Updated: November 3, 2013 6:33AM
We get it. Republicans in Congress are opposed to Obamacare. Now could they just get out of the way and stop trying to save us from ourselves.
It’s time to see Obamacare in action — good, bad or indifferent.
If the Affordable Care Act is as bad as Republican leaders believe, then surely it will become so obvious after it takes full effect that Americans will never elect another Democrat to Congress, let alone the presidency.
In that case, why not let the country see the effect of Obamacare as soon as possible to maximize its impact on the 2014 mid-term Congressional elections? No sense delaying it a year.
If Republicans can milk public backlash over Obamacare to elect a majority in the Senate next year, while keeping their hold on the House, more power to them.
Then they can finally realize their dreams of repealing Obamacare, and we can all return to that great American health care system known as survival of the financially fittest.
That should also give Republican presidential contenders a running start on the 2016 election, so they can concentrate on other core GOP issues, like keeping gays in their place and Mexicans south of the border.
But back here on planet Earth where the public with which I am more familiar elected Obama not once but twice and worries about how it will afford its doctor visits in the event of a job loss, it’s laughably transparent the Republicans think they can leverage the party’s majority in the House of Representatives to hold the federal government hostage until Democrats cry uncle.
No matter how they spin it, it’s the Republicans who have shut down the government. Remember that Republicans, Tea Party Republicans in particular, like shutting down the government. It makes them feel tingly. It’s something to crow about on talk radio.
Democrats don’t like shutting down the government. Too many of their friends and family end up out of work and ask for loans.
Something Tea Party Republicans hate is compromise. They consider it immoral, which is why nobody should be fooled by this argument that the real problem behind the shutdown is that Democrats won’t compromise on Obamacare. The Tea Party is looking for surrender, not compromise.
Now, I would be the first to tell you that it would have been better for all of us if there had been some sort of compromise between Democrats and Republicans on the front end of health care reform before Obamacare was approved in the first place.
But I distinctly recall that these very same forces were dug in to keep any sort of health care reform from being enacted.
The Republican Party seems to only want affordable health care for the people who can afford it.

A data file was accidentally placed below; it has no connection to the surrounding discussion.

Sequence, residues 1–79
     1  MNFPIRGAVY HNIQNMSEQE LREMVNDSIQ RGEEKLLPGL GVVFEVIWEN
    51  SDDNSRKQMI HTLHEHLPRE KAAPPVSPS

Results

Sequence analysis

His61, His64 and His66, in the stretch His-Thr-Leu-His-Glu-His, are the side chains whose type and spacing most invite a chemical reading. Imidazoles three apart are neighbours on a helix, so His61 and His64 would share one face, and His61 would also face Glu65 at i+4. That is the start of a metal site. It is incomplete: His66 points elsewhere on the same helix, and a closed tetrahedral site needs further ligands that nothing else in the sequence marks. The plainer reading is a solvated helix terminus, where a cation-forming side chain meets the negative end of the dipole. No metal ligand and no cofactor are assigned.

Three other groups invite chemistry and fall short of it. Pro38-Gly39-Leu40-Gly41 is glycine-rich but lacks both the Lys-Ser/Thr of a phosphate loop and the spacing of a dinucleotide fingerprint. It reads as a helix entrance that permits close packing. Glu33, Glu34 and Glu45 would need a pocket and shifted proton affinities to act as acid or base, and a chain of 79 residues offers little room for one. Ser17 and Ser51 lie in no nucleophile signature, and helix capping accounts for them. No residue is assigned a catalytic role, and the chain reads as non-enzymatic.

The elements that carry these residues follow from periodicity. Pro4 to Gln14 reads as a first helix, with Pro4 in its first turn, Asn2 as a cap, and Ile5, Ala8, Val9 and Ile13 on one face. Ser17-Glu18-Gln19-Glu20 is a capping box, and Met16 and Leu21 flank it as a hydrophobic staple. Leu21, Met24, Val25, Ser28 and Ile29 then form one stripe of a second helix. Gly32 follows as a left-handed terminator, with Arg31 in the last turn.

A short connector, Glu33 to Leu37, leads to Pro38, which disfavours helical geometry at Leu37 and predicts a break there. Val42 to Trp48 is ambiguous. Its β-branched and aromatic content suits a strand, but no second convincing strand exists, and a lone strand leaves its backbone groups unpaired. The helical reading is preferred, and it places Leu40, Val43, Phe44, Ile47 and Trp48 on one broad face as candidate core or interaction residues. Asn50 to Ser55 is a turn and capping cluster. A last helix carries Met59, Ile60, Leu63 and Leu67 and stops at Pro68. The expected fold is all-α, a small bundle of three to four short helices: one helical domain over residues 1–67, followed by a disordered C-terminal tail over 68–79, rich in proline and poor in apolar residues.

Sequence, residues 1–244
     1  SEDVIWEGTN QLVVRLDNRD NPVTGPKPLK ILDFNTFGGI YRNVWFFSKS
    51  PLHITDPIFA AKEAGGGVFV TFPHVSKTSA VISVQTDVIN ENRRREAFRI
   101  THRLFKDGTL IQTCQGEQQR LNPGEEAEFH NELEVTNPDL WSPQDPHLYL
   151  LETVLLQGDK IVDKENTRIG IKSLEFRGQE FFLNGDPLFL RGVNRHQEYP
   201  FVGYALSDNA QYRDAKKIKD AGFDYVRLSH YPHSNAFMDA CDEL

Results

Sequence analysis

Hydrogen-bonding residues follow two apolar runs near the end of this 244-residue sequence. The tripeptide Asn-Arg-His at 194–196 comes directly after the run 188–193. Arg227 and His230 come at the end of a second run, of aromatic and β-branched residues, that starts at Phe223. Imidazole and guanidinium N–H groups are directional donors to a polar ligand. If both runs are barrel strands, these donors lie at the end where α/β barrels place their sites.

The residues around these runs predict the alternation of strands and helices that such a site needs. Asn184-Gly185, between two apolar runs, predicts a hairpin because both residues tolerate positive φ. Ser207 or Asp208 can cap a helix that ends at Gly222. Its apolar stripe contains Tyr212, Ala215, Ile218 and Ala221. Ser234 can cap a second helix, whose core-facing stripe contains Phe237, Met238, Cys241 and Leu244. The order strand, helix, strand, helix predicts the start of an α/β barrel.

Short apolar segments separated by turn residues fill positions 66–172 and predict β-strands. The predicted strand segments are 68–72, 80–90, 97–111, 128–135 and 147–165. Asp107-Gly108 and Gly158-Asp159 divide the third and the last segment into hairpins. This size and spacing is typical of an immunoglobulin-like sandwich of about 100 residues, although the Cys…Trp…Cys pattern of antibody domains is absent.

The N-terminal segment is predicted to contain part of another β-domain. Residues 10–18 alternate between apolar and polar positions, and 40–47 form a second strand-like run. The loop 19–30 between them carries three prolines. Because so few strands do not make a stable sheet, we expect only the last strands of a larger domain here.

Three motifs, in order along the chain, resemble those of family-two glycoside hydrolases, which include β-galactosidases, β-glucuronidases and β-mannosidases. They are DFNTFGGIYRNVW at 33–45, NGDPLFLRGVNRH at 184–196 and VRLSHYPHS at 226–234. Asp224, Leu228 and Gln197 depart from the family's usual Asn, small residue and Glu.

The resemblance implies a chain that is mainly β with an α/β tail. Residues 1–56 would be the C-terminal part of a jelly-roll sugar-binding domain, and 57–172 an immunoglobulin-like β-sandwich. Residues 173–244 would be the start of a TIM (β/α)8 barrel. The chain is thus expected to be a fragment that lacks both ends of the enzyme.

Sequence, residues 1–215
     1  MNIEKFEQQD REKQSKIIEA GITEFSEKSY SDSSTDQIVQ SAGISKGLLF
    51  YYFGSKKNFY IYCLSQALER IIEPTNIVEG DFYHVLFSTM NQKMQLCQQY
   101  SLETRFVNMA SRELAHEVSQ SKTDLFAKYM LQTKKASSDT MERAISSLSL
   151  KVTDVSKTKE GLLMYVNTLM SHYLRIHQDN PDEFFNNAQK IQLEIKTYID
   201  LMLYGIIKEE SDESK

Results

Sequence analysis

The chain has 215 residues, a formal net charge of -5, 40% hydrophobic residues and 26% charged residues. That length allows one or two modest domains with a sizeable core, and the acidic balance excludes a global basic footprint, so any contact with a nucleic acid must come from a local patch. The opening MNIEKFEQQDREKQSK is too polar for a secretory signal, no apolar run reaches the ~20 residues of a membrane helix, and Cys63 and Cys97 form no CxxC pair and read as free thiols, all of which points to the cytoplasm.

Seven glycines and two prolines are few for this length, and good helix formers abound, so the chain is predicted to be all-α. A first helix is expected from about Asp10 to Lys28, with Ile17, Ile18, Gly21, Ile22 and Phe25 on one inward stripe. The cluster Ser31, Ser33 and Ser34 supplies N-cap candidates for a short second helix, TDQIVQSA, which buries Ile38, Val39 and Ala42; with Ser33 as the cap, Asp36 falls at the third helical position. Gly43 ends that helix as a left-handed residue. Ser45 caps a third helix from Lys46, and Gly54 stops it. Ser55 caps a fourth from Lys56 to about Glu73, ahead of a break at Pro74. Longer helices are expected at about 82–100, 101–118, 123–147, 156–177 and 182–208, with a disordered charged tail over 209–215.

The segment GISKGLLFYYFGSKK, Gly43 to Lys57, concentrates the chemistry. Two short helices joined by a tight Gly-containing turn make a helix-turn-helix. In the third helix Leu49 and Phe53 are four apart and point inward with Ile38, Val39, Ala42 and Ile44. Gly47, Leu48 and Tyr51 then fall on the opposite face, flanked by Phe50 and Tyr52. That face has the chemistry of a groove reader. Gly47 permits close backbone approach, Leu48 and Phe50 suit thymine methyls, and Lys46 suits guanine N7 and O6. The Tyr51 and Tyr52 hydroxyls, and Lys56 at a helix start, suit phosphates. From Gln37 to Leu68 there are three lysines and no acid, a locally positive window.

Democrats realize it would be too much to ask Republicans to actually help the Affordable Care Act succeed. Our political system doesn’t seem to work that way any more.
We either do things the Democrats’ way or the Republicans’ way, and right now, it’s still the Democrats’ turn, and House Speaker John Boehner knows it, even as he puts up a brave front to hold his caucus together.
Republicans say they are worried about the effects of Obamacare on our still struggling economy. Do they really not understand the effect on the economy of throwing 800,000 federal workers out of their jobs?
As a Democrat, it’s fair to ask me whether I have confidence Obamacare will succeed.
I expect it be messy at best. Just because we’re Democrats doesn’t mean we have faith in government. Obamacare still strikes me as something of a Rube Goldberg contraption. Too many moving parts. Too much emphasis on changing people’s behavior.
But I’m pretty sure we could work out the bugs if we pulled together, and I think it will work better than what we have now even if this remains a totally Democratic show.
I stopped over at Gov. Pat Quinn’s press conference to mark the first day of uninsured Illinois residents being able to enroll in the state’s health insurance marketplace, one of the key elements of Obamacare.
I ran into folks from the American Cancer Society and asked them if this is going to work. They told me the Affordable Care Act has already made life better for cancer patients: capping out of pocket costs, preventing denial of coverage to individuals with a pre-existing condition, allowing kids to stay on their parents insurance through age 26, assuring access to free cancer screenings.
Last time I checked, cancer doesn’t differentiate between Democrats and Republicans.